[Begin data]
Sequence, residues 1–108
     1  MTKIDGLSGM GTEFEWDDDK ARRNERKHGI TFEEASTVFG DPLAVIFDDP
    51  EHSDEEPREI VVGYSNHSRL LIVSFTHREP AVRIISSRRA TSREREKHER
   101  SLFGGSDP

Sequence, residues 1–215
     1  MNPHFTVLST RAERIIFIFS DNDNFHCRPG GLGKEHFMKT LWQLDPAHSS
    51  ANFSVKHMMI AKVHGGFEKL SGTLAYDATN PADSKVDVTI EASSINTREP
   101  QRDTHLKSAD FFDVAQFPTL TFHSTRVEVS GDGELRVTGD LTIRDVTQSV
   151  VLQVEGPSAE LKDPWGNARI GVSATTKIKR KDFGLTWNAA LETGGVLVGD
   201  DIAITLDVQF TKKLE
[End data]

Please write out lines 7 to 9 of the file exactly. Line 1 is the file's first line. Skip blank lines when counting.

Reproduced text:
    51  ANFSVKHMMI AKVHGGFEKL SGTLAYDATN PADSKVDVTI EASSINTREP
   101  QRDTHLKSAD FFDVAQFPTL TFHSTRVEVS GDGELRVTGD LTIRDVTQSV
   151  VLQVEGPSAE LKDPWGNARI GVSATTKIKR KDFGLTWNAA LETGGVLVGD